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Changes in the vet industry: What does it all mean for British farmers?

The world of large animal vets is changing with corporate groups entering the market and buying practices. What does this mean for the farmer?

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Changes in the vet industry: What does it all mean for British farmers?

The landscape is changing for the vet profession with large companies entering the industry to buy up established practices.

 

Now, 29 per cent of the UK’s practices dealing with farm animals are owned by a corporate group.

 

Farmers have raised concerns about the potential for rising vet bills, a lack of competition between practices, and fears the ‘best’, driven vets will leave these practices due to a lack of career progression.

 

However, according to Ian Cure, farm director at the UK’s largest corporate vet group VetPartners, changes to the industry are necessary to attract the right candidates into farm animal practices.

 

Mr Cure, who took his position at VetPartners following the company’s acquisition of his vet practice Lambert Leonard and May (LLM) Lancashire earlier this year, says in the current climate many practices have been struggling to recruit farm vets.

 

“We have been finding that graduates are increasingly likely to go into small animal medicine which is often a more attractive proposition in terms of pay and work-life balance.

 

A survey carried out in 2017 by the not-for-profit organisation for professional vets, SPVS, showed the average wage for a small animal vet was £44,150 compared to £37,870 for a mixed practice vet.


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“At LLM we have struggled to recruit for the last three or four jobs we have advertised, and we only saw the problem getting worse.”

 

Mr Cure says the prospect of more on-call hours, TB testing and the need to invest a large sum of money into a practice to aid succession, were all combining to put candidates off.

 

“Younger vets often do not want to borrow to buy into a business, particularly if they have come out of university with some debt.

 

“That debt is only buying into the ability to have a profit share and that attitude to risk is not for everyone.

 

“As part of a bigger group, vets will have more opportunities to progress aside from the traditional route of eventually becoming a partner.”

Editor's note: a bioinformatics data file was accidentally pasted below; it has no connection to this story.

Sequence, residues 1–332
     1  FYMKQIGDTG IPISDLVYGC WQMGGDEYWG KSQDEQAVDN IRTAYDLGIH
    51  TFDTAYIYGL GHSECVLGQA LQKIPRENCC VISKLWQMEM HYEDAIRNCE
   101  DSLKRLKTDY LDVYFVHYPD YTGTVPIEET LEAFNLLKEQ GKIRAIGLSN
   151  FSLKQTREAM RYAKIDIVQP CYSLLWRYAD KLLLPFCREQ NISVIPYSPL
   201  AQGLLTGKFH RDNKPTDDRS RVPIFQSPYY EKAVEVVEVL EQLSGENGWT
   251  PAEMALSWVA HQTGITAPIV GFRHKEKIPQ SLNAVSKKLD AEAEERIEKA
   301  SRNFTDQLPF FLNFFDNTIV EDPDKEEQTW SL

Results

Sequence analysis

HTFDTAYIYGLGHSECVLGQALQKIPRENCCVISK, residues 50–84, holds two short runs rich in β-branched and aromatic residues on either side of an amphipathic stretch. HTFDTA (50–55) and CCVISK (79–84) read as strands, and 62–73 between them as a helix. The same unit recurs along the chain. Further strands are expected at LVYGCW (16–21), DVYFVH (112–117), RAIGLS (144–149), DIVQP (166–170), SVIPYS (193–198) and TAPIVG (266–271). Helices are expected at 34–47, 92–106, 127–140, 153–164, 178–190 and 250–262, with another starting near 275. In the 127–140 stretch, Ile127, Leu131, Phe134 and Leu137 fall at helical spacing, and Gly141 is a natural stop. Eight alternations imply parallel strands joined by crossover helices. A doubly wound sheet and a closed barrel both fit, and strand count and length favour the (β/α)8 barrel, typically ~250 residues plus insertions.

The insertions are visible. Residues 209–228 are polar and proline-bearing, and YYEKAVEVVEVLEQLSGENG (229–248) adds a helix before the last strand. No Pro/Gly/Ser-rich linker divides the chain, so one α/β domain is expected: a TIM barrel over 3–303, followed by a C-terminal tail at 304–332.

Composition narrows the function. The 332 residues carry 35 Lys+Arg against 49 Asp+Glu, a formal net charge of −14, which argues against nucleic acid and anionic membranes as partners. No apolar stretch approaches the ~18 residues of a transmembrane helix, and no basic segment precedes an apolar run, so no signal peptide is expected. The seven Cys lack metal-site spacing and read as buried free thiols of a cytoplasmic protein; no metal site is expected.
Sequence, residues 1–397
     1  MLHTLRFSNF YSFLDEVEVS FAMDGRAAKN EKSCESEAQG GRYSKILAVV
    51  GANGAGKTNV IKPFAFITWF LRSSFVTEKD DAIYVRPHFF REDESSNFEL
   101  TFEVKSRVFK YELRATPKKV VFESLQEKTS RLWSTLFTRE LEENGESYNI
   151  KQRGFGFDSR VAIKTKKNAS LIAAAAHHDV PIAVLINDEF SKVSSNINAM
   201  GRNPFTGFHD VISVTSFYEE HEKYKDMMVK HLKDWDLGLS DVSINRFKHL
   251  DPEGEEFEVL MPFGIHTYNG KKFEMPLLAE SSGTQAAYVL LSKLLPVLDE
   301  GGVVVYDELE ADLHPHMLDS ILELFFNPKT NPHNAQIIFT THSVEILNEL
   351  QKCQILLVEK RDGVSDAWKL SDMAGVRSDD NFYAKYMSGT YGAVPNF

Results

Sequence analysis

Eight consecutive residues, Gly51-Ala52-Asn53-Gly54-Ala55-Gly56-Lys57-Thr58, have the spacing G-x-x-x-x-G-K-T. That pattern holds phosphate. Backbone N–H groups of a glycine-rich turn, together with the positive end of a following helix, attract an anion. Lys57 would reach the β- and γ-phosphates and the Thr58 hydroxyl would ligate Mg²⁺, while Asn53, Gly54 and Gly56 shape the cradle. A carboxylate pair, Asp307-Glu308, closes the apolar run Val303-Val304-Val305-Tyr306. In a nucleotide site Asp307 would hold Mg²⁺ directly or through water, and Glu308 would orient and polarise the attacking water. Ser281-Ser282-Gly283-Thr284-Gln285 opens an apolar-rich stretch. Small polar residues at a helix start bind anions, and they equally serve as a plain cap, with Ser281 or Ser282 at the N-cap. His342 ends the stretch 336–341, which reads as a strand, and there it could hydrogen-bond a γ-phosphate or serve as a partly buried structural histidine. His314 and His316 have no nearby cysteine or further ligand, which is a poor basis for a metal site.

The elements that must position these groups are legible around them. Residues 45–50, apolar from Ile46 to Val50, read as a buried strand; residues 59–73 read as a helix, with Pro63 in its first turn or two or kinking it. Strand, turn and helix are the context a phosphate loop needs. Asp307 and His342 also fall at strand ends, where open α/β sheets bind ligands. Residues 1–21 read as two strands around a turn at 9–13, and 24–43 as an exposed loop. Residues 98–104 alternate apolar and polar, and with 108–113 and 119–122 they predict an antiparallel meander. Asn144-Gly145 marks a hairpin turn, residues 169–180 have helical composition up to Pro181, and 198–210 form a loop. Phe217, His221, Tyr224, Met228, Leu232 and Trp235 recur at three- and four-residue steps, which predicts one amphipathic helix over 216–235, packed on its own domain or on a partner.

This, he says, will include more training, opportunities for further educational qualifications and time to develop areas of clinical expertise.

 

However, Mr Cure conceded this model was ‘not for everyone’; there would always be independent practices, which still account for 43 per cent of the industry, and there would always be those vets who would want to work towards eventual partnership in the business.

 

While farmers may have concerns about rising vet costs for corporate owned vets, Mr Cure says the extra buying power these larger companies have should help keep medicine costs at a reasonable level.

Ian Cure
Ian Cure

Competitive

 

He adds that despite being under the umbrella of a large company, the individual vet practices are run as individual businesses, which need to be competitive in their local area.

 

“Costs will vary across these practices. In the past money may have been made on medicines, but increasingly we have to balance the cost of medicines against the cost of the service we are offering.”

 

Farmers could well be concerned about the lack of competition among practices, with many neighbouring practices in some areas being under the same large company umbrella.

 

However, Mr Cure says there will always be competition between practices.

 

He says: “If a particular vet practice is not providing a good service, then there will always be other farm practices that can come in and offer something else whether they are independent, or part of a corporate.”

 

 

WHO ARE THESE CORPORATE GROUPS?

 

VETPARTNERS owns 18 per cent of UK farm animal practices, after being established in 2015. It owns 73 individual mixed or farm animal practices and cares for 20 per cent of the UK cattle population, 30 per cent of UK dairy herds and 45 per cent of the UK pig population.

 

Its latest acquisition was Clyde Veterinary Group, a mixed practice, which was taken on earlier this month. CVS Group, which owns 500 veterinary surgeries throughout the UK, Netherlands and Republic of Ireland, has a 6 per cent share (22 practices) in the UK farm animal practices.

 

Independent VetCare, owns over 100 mixed practices in the UK and accounts for 5 per cent of the farm animal practices. It formed with 20 UK practices in 2011, and now has over 800 practices across eight countries.

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